Håkan Tenelius, Commercial Policy Director, The Association of Private Care Providers, ALMEGA. Changes in Scandinavian healthcare sector - oppportunities for Finnish companies. Finpro seminar materials 19.4.2012.
Private health care sector inSweden – a matter of choiceHåkan Tenelius, head of public affairs,The Association of Private Care Providers
The Association of Private Care Providers (Vårdföretagarna) is an employer and industry association for private providers of care regardless of management method• works for increased freedom of choice and diversity in the healthcare sector• suggests a national tool for quality measurement of all care – public and private provided• emphasizes the importance of private healthcare as a mean to develop welfare.
Vårdföretagarna is a part of Almega and a member of the Confederation of Swedish Enterprise.• More than 2000 member companies• 80 000 employees within the member companies – rapidly increasing• All members have collective agreements
The private health care in Sweden• 12 % of all health care is provided by private providers• 26 % of all primary care is provided by private providers• 99 % of all health care is publicly financed• Every third swede has visited a private care provider• The competition within health care was started by a liberal/moderate government and continued under a social democratic government
Two competing modelsTwo principal models for exposing publicly financed activities to competition:• The contract model involves activities undertaken by actors being purchased in accordance with the provisions of the Public Procurement Act.• The choice system may be used when exposing individual services to competition.The choice system means that competition takes place in the market, as opposed to competition over the market.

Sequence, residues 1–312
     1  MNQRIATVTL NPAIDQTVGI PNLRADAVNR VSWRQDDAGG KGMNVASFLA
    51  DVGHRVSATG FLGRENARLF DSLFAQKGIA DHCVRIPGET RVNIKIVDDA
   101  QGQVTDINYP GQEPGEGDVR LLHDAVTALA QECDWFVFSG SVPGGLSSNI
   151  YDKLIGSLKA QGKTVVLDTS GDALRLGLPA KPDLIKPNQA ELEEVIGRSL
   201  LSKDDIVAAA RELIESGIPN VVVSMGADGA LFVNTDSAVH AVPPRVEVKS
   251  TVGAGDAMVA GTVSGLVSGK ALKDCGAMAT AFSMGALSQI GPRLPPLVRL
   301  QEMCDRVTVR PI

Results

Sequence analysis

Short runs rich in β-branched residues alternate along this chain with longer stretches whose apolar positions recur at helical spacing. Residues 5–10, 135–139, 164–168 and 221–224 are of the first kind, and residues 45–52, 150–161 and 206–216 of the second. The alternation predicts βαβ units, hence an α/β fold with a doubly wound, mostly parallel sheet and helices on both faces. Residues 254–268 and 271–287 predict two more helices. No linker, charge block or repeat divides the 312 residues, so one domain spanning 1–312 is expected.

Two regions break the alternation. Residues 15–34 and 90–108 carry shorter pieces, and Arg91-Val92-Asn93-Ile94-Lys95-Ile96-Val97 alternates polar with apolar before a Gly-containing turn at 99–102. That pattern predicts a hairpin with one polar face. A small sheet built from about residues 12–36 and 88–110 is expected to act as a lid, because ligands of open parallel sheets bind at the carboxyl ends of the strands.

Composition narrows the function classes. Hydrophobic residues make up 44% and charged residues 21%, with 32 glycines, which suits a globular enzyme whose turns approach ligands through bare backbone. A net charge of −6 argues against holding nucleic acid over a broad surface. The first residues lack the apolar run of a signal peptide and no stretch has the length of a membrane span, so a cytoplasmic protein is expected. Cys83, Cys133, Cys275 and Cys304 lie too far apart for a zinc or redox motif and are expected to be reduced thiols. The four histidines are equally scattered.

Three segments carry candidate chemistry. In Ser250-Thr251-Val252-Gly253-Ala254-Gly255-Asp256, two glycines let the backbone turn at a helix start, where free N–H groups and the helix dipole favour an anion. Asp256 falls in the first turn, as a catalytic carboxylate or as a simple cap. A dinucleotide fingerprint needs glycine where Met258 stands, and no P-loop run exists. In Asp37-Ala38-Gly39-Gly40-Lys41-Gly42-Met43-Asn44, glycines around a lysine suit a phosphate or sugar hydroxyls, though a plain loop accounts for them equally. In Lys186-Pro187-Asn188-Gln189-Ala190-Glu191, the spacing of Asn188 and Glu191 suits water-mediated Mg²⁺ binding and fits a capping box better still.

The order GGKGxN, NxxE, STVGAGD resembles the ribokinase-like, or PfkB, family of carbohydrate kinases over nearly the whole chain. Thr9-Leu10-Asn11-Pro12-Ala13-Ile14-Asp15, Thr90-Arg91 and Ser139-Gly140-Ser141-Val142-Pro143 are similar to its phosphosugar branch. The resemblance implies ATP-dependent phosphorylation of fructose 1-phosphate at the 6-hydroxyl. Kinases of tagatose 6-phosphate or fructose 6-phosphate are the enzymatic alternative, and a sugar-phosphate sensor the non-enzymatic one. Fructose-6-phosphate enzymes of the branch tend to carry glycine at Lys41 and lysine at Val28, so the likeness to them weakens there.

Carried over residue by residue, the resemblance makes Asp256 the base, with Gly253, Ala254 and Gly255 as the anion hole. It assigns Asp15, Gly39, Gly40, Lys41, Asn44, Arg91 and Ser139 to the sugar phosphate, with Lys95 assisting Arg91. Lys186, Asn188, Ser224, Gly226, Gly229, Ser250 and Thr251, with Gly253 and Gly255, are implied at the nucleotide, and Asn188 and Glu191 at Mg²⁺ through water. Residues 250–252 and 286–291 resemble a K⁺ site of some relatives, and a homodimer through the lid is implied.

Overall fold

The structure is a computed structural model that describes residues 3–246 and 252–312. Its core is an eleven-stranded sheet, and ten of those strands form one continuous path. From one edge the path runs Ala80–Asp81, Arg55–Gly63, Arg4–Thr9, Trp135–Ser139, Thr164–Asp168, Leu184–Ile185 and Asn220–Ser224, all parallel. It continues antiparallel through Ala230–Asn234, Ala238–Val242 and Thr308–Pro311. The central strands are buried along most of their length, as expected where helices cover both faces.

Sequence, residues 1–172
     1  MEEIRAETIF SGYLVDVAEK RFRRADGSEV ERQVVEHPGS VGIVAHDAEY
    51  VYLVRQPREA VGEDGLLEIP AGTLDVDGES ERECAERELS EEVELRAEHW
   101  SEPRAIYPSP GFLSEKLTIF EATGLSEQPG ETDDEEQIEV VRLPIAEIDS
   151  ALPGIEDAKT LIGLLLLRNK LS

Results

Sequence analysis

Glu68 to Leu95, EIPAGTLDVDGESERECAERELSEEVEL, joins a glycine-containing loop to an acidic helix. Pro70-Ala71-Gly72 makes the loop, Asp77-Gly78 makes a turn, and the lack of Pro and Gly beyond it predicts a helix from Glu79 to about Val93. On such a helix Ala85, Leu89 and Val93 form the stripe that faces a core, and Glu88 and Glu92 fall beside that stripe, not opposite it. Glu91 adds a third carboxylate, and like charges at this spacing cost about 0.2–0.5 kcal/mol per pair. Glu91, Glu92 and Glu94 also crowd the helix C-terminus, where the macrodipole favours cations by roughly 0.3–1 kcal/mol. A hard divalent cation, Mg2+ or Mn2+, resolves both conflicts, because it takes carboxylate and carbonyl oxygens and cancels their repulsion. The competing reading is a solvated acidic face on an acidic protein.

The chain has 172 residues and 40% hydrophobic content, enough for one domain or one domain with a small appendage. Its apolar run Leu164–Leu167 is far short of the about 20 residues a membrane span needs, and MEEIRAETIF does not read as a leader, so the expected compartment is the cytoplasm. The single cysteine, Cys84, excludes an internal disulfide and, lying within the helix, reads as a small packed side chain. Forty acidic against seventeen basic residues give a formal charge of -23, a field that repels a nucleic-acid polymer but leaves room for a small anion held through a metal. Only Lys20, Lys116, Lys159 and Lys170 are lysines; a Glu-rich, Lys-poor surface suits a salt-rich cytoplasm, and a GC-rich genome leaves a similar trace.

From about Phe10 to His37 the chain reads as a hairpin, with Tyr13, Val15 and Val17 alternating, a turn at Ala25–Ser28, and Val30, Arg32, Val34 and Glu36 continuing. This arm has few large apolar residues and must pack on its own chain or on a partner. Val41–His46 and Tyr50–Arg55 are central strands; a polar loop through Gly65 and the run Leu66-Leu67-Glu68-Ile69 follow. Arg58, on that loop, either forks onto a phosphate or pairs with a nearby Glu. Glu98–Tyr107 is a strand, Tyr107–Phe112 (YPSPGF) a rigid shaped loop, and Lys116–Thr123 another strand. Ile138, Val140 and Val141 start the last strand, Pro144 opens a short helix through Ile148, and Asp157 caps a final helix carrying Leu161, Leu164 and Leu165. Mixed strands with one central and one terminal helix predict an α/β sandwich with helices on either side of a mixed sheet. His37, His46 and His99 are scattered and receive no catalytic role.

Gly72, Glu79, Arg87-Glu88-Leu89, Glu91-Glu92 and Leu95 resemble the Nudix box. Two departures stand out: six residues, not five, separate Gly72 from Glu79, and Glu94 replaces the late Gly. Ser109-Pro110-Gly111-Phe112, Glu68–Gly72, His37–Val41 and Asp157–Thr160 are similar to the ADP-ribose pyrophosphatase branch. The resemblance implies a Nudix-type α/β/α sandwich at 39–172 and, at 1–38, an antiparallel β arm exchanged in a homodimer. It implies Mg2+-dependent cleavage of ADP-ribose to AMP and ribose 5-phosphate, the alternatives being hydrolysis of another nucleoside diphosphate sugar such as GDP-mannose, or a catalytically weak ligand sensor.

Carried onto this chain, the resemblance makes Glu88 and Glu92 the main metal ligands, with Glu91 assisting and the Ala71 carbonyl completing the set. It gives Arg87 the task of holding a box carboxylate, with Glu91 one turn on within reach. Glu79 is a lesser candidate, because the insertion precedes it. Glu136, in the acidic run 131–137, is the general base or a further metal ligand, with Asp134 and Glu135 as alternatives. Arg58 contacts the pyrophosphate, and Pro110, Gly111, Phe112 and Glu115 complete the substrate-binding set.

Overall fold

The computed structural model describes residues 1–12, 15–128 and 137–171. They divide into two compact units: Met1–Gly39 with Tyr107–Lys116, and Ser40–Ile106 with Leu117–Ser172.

The Koppardalen Health Center – Jag satte ned foten och sa till mina kollegor; nu struntar vi i det här och öppnar eget.
The choice systemMany advantages:• Providers compete on quality, not price• Free choice systems have resulted in a diversity of providers and increased accessibility• The best, most popular providers will survive• In the long run, competition could lead to reduced costs• Promotes innovation• Operations can be focused on a certain segment 7
The choice systemBut…• Several local governments use the model to reduce costs• Several of the county councils that have been forced to introduce the free choice model have adopted the model reluctantly.• Often, stable, long-term conditions are lacking, and competitive neutrality is deficient.• Suspicion from some politicians and civil servants towards private care providers, and vice versa. 8
The results – elderly care558 new units in home help, + 530 %85 % of the enterprises have a woman as a CEO or ownerAlmost half of Sweden’s elderly live in a municipality that has a private provider to choose from in the home help- service sector.Most of the enterprises are small. 9
The results – primary care233 new units in primary care, + 23 % (November 2010)2/3 of the units are small with less than 50 employees.Accessibility has improved.Opening hours are longer, both in private and public units.The needs of the patients are treated in a better and more satisfying way.A diversity of providers, rather than a few large providers. 10
The next step: Specialist careOrtho center,Stockholm
How important is it for you to be able to choose your primary care provider?90% 80%80% 78% 78% 78% 77% 75% 74% 74% 73% 73% Important or very important 73% 72% 71% 71% 70% 70%70% 69% 65% 64% 62% 61% 61%60%50%40%30%20%10%0% 12
Effects of the Carema Care Case• People in general and some politicians started to question private care• Focus on owners and their ambition to pay taxes• New focus on non profit providers• Focus on quality and quality measurement
Why a success for the choice system?• Long-term conditions• Freedom of establishment• Active listing• Differentiated compensation• Medical follow-up
What has to be improved?• Improved patient information• Competitive neutrality• Established dialogue with politicians and civil servants• Separate customer and provider roles• Avoid detailed regulation